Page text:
15 September 2008: The Conseil de la concurrence commits itself in favour of compliance


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Undertakings show a growing interest in compliance programmes, which allow them to better integrate the values and the rules of competition law - among other sectors - into the conception of their business strategy and the daily running of their business.

The Conseil de la concurrence intends to take action in this field and collaborate with economic players in order to spread the culture of compliance. The authority has indeed ordered a study on the subject, the conclusions of which were presented today to more than 200 players of the economic and legal sector (general secretaries, legal directors, human resources managers, compliance programmes managers, lawyers, academics…) during a symposium at ENA School (French School of administration) in the presence of Christine Lagarde, Minister of the Economy. Bruno Lasserre, chairman of the Conseil de la concurrence declared : “ compliance is a winning bet for undertakings and it is also an asset for competition authorities.” He insisted on the need for undertakings to take their competitive future in hand.

Today's debate was also the opportunity to hear the opinion of John Fingleton, Director general of the Office of Fair Trading, who notably stressed, in the light of the British experience, the link between deterrence (via a policy of high sanctions) and the development of compliance programmes.

This initiative is at the heart of the Conseil's educational role, which is expected to expand along with the curbing of anticompetitive practices and the implementation of negotiated procedures. The educational role may contribute in a number of cases to make undertakings allies of the authority, which is in charge of supervising the operating of competition on the markets and the well being of consumers. Mrs Lagarde thus declared: “the two fundamentals to the success of a compliance policy are the appropriation and adaptation mechanisms to the circumstances and the undertaking's culture.”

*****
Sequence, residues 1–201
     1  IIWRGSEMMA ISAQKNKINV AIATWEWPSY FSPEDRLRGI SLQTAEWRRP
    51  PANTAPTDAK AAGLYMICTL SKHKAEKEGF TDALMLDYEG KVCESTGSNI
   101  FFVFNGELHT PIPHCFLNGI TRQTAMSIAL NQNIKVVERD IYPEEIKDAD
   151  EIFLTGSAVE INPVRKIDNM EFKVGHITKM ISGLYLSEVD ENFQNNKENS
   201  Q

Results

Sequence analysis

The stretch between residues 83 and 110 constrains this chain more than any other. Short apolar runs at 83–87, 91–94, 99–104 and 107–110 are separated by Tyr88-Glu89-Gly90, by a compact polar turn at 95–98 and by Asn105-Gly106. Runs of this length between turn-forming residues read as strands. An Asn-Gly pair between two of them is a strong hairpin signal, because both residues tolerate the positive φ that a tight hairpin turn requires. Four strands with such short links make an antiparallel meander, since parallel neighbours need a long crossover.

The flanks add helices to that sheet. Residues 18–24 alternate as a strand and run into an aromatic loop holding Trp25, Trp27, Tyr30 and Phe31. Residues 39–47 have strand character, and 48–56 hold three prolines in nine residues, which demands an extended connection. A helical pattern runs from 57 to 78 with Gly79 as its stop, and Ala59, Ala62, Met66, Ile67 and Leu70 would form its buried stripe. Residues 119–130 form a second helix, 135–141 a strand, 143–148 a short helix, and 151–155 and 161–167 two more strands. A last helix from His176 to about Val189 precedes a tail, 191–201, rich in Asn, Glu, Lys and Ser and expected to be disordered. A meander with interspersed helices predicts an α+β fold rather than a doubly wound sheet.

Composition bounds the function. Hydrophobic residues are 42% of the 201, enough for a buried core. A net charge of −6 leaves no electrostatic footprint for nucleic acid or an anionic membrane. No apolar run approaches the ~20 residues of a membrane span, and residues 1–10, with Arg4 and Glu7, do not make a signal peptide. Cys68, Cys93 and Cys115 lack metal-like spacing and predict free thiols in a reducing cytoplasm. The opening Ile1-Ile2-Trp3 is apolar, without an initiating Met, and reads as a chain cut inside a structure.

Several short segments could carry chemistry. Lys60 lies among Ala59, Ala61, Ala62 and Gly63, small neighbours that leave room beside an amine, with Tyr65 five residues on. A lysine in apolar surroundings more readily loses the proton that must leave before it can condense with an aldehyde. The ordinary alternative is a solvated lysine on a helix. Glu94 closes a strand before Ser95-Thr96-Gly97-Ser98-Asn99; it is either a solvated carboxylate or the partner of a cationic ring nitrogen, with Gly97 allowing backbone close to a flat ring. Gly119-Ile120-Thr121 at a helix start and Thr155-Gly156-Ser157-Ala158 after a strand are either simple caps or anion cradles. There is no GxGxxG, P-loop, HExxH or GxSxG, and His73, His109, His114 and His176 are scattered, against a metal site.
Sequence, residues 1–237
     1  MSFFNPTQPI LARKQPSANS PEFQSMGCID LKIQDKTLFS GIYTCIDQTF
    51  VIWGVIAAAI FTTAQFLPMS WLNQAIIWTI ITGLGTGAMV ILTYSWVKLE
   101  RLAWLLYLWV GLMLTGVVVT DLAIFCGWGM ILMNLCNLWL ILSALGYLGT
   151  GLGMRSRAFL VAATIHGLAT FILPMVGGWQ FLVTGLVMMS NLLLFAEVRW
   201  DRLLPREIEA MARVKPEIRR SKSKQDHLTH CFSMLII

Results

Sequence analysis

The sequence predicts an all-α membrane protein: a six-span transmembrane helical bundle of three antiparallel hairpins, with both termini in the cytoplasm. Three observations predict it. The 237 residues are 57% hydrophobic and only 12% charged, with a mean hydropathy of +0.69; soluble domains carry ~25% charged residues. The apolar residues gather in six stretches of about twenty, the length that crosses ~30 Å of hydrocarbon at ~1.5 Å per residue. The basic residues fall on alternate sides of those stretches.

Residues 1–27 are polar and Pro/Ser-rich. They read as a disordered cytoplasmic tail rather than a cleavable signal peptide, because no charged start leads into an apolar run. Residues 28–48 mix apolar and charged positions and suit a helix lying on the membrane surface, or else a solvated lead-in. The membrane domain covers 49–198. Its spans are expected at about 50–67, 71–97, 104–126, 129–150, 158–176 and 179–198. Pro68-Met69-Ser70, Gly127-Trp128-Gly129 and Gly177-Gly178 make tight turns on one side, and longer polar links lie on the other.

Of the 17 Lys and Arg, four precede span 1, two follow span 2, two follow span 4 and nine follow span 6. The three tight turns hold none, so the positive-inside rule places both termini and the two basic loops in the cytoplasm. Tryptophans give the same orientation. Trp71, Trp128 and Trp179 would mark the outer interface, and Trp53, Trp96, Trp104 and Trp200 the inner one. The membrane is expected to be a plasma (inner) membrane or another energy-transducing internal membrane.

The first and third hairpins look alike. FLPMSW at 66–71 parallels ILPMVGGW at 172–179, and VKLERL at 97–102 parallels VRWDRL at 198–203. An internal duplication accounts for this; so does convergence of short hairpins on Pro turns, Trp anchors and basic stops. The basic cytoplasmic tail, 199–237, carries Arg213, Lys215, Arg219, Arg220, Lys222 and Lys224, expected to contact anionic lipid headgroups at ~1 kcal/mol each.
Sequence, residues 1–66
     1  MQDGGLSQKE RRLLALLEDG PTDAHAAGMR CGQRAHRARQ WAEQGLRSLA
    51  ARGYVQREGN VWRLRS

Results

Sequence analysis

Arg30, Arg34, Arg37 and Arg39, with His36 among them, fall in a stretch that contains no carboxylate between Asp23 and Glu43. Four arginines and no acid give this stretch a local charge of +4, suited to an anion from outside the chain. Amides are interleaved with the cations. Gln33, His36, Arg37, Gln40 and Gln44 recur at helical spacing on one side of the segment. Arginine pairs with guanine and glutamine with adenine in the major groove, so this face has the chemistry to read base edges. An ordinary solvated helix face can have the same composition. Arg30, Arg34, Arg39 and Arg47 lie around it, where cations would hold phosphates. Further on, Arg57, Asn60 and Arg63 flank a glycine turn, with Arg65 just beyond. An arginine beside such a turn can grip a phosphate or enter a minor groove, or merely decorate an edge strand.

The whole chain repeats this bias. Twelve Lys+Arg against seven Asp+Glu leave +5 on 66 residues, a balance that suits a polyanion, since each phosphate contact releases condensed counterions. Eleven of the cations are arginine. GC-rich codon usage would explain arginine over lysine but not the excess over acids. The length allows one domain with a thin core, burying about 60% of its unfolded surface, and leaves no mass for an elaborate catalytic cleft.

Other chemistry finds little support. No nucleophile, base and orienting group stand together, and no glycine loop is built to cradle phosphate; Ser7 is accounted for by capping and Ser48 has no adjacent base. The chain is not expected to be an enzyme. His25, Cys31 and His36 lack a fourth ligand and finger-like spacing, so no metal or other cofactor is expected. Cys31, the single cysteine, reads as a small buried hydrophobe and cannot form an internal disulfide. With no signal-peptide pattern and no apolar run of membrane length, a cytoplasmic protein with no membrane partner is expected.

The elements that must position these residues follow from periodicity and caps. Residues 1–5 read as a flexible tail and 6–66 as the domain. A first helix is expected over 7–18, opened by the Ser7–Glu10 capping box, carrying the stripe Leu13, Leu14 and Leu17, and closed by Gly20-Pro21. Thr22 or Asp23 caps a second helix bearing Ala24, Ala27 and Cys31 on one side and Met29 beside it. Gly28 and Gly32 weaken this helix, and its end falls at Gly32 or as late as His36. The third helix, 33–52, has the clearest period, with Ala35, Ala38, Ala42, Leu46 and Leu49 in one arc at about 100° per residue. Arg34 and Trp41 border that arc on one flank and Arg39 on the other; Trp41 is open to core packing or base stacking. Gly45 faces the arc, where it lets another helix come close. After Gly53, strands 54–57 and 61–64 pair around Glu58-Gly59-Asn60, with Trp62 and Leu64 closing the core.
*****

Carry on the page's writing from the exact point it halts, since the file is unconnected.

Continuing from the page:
The impending transformation of the Conseil de la concurrence into an Authority of competition, with the full support of the Government and the Parliament, will provide the means to go even further in this direction. The LME law (for the modernisation of the economy) induces the authority to make a greater use of its advisory role in notably allowing it to take action ex officio on general competition matters when it is useful for public authorities or undertakings. During the symposium's introduction speech, Mrs Lagarde underlined the essential role of competition to give freedom to growth and purchasing power: “competition is at the heart of the law. It is a key instrument to reach the final objective, i.e. to ensure that market economy mechanisms operate properly, in the interest of undertakings' competitiveness and the consumers' purchasing power…”